This would be a good time to bring in an analogy. I believe, with St. Paul and Romans 13, that civil government is necessary and ordained by God. Likewise, I believe in the necessity of taxation to support said government. Having said this, the next question would be what nature of taxation and government is best? 

Good Bible Christians should acknowledge that believing in the Godly institution of a thing is not a blank check to push the limits of said thing to the ends of Earth. The difference between a man who believes taxes should consume 98% of our income and the man who would prefer they only consume 10% is not the difference between a Bible believing citizen and an anarchist.

Likewise, the difference between a man who favors limited and appropriate immigration and a man who supports a moratorium on all immigration is not the difference between an Open Borders man and a Rule of Law man. The difference is on the application of a principle both men hold in common.

What is a Nation?

Having established that there is room for Christians to disagree on this issue of borders and immigration, I think it's useful to ponder what Scripture means when it uses the term "nation." A clue is given in St. John's Gospel in the final chapter. Jesus tells Peter and the disciples to catch some fish and they caught exactly 153, "and although there were so many, the net was not torn." (John 21:11). 

Why would the Holy Spirit record for us the exact number of the fish? In the ancient world, it was commonly believed that there were 153 distinct ethnic groups. This story, included at the end of a Gospel which is full of typology, allusions and symbolic language, could be thought of as a sort of "Great Commission" ending. The other three Gospels conclude with a Great Commission, though each account is different in subtle ways. Immediately after this story Jesus asks Peter to feed his sheep, reinstates him as an apostle and commands Peter to follow Him, even unto death.

Biblically speaking, a "nation" is more or less what would we would now call an "ethnic group." It is a group of people who are genetically similar, who have lived in a particular part of the world, who share a common language, etc. 

Today, we tend to blend "nation" with "nation-state." The nations are the people who happen to live under a particular jurisdiction. Those who live in China are Chinese. Those who are under the Mexican nation-state are Mexicans. Those who live under the American nation-state are Americans. The individual ethnic makeup or heritage of the person in question doesn't matter very much to us, only to whom he pays taxes.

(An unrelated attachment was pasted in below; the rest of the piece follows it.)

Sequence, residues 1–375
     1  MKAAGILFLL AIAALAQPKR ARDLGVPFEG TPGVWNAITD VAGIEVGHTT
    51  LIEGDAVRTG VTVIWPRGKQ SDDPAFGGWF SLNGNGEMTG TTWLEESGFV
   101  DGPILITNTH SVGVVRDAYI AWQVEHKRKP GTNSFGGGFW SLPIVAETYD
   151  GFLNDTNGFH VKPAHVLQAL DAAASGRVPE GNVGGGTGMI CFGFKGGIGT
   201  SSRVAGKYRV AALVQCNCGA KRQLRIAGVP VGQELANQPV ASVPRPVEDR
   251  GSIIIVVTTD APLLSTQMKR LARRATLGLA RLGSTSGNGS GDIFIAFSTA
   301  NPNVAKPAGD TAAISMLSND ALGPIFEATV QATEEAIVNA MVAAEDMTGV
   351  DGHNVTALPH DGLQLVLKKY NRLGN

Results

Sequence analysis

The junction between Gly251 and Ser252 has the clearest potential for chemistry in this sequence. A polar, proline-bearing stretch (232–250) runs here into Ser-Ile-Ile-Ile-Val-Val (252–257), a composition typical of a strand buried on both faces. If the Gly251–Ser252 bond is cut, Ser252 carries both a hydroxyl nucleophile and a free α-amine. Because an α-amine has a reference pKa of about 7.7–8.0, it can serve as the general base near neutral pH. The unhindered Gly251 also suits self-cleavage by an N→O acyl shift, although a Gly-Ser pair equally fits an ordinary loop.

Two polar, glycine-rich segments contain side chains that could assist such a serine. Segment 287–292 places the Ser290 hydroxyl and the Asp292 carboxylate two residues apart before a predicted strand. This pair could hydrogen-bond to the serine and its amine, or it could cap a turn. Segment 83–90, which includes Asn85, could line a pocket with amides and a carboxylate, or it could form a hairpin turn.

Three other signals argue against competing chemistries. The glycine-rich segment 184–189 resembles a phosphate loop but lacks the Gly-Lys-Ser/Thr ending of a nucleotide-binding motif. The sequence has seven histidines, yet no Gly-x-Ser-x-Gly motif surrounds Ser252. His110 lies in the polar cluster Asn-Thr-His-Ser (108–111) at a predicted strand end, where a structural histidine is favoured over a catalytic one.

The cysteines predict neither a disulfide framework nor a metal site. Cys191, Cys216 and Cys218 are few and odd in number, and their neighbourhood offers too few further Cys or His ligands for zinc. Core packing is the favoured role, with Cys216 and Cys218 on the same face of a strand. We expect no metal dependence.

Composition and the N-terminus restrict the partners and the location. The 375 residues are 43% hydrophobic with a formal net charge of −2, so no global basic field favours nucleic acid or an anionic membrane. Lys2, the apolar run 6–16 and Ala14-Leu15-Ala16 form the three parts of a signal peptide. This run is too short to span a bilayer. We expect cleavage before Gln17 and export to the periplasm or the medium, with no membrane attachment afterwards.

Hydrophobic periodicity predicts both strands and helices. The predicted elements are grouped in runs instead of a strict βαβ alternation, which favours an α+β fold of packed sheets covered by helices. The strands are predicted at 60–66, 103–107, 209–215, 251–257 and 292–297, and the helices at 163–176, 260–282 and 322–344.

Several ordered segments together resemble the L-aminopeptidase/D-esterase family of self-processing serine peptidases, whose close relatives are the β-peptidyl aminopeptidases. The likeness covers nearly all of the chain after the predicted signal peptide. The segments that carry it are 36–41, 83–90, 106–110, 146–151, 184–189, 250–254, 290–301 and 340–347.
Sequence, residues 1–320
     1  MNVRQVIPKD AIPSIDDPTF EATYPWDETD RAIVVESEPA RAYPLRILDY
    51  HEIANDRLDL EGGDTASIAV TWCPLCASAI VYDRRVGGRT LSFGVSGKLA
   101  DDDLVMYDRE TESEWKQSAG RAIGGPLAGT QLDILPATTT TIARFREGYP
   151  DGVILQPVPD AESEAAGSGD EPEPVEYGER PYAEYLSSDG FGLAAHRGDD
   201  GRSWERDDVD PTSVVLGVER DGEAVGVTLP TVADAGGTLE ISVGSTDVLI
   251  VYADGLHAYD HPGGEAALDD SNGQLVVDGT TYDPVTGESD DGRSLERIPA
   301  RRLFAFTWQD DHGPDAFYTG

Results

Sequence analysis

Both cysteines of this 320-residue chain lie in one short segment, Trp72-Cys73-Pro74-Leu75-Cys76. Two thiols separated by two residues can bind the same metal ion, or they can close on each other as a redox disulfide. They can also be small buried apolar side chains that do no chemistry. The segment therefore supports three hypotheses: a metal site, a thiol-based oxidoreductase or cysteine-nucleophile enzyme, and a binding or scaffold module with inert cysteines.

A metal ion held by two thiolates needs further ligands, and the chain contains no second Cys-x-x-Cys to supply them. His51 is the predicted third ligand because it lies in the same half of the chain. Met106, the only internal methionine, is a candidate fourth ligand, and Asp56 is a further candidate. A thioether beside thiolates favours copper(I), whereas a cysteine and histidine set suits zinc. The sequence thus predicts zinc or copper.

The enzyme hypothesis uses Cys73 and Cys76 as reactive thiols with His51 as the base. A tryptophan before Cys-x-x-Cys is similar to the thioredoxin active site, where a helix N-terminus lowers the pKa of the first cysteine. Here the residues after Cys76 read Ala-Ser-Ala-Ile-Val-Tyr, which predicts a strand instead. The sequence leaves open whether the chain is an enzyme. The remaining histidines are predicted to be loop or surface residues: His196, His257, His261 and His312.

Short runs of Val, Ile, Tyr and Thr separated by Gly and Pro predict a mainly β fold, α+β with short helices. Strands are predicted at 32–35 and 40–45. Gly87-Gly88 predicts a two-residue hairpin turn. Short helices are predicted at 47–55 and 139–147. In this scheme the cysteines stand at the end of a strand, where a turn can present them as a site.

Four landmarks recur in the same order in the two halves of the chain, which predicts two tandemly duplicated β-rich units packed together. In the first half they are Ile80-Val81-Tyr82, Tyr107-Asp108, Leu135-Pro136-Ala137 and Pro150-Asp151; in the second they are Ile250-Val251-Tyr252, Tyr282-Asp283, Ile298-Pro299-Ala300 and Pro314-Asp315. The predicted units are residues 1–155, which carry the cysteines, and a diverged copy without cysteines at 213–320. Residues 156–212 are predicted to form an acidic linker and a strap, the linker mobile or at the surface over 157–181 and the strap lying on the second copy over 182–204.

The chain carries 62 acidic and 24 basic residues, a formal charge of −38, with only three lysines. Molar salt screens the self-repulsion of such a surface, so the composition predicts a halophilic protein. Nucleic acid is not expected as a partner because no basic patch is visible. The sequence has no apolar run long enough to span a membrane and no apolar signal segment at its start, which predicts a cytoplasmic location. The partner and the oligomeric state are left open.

"Nations" in the biblical sense continue to exist, and often exist across and within nation-states. Kurds are their own nation (biblical sense) but live in two different nations (modern sense), Iraq and Turkey. Yugoslavia used to be a nation (modern sense) but has split up into many nations (biblical sense). 

Within "nations" (biblical sense) regional differences and loyalties often exist. This is certainly true of border regions. 

I live in a border region between Indiana and Kentucky. It can be hard to tell, as you get to the edges of something, whether you are in one thing or in another. The culture of the people usually doesn't conform to the neat legal fictions of borders. Culture crescendos in and out gradually. 

Consider the Kentucky/Indiana border region. There are people in Indiana who work or have family and friends in Kentucky. The same is true of many Kentuckians. Many people in Indiana root for sports teams from Kentucky, and likewise with Kentuckians. Many people from Southern Indiana have southern accents like Kentuckians do, and even fly Confederate flags (even though Indiana was never part of the Confederacy). Northern Kentuckians often show many Midwestern tendencies that would surprise people looking for a "Southern" culture. The landscape and geography of Southern Indiana is very similar to that of Kentucky.

Of course the further you get from the border, the more Indiana becomes Indiana and Kentucky becomes Kentucky. When distance between people grows, cultures become more independent from one another and they diverge. 

The same is true of border regions between nation-states. Someone who parachuted into Eagle Pass, Texas would wonder if he was in Mexico or the United States. Someone who parachuted into a small village in extreme northern Maine would wonder if he was in Canada or the United States. 

In the biblical sense, however, the cultures of these areas are understandable. God has set the habitations of the nations. Particular groups have lived in the Southwestern United States/Northern Mexico region for many centuries. 

Many people who live in the United States in places like Eagle Pass, TX, have friends or family on the other side in Mexico. It is conceivable that some folks from Mexico work on the other side in Texas. Due to the vast stretches of dry ranchland, it is also conceivable that "working in the United States" would mean "working in a place deep inside the United States," so deep it might mean temporarily relocating to the United States several months a year to pick tomatoes, for example.